One method of interprocess communication is to send and receive signals. A signal is a one-bit message (meaning "this signal happened") sent to a process from another process or from the kernel. Signals are numbered, usually from one to some small number like 15 or 31. Some signals have predefined meanings and are sent automatically to a process under certain conditions (such as memory faults or floating-point exceptions); others are strictly user-generated from other processes. Those processes must have permission to send such a signal. Only if you are the superuser or if the sending process has the same user ID as the receiving process is the signal permitted.
The response to a signal is called the signal's action. Predefined signals have certain useful default actions, such as aborting the process or suspending it. Other signals are completely ignored by default. Nearly all signals can have their default action overridden, to either be ignored or else caught (invoking a user-specified section of code automatically).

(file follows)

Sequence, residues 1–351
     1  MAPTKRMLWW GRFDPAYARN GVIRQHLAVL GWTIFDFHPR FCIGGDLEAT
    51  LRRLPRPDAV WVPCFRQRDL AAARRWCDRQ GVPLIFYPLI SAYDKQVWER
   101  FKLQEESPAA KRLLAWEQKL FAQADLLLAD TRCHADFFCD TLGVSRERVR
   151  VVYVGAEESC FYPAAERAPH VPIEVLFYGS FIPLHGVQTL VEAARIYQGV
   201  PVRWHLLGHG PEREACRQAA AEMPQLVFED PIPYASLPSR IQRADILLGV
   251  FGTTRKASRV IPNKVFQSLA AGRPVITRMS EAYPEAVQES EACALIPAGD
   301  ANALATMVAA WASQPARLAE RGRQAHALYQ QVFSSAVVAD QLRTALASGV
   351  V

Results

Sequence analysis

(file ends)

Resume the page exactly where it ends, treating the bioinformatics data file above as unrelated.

So far, this is all standard stuff; here's where it gets Perl-specific. When a Perl process catches a signal, a subroutine of your choosing gets invoked asynchronously and automatically, momentarily interrupting whatever was executing. When the subroutine exits, whatever was executing resumes as if nothing had happened (except for the actions performed by the subroutine, if any).
Typically, the signal-catching subroutine will ...